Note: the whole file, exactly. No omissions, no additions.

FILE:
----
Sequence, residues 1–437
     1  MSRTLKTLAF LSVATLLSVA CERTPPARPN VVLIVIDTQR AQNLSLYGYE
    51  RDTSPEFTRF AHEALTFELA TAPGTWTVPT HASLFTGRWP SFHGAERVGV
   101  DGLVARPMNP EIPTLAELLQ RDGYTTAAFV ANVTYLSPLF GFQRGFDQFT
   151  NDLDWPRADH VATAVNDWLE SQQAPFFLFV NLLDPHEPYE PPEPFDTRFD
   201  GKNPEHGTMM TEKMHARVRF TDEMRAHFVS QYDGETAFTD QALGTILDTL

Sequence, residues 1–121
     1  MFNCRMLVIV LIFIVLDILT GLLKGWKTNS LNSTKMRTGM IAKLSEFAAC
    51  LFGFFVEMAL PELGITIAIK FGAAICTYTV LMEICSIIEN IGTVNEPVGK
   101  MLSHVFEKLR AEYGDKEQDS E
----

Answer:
Sequence, residues 1–437
     1  MSRTLKTLAF LSVATLLSVA CERTPPARPN VVLIVIDTQR AQNLSLYGYE
    51  RDTSPEFTRF AHEALTFELA TAPGTWTVPT HASLFTGRWP SFHGAERVGV
   101  DGLVARPMNP EIPTLAELLQ RDGYTTAAFV ANVTYLSPLF GFQRGFDQFT
   151  NDLDWPRADH VATAVNDWLE SQQAPFFLFV NLLDPHEPYE PPEPFDTRFD
   201  GKNPEHGTMM TEKMHARVRF TDEMRAHFVS QYDGETAFTD QALGTILDTL

Sequence, residues 1–121
     1  MFNCRMLVIV LIFIVLDILT GLLKGWKTNS LNSTKMRTGM IAKLSEFAAC
    51  LFGFFVEMAL PELGITIAIK FGAAICTYTV LMEICSIIEN IGTVNEPVGK
   101  MLSHVFEKLR AEYGDKEQDS E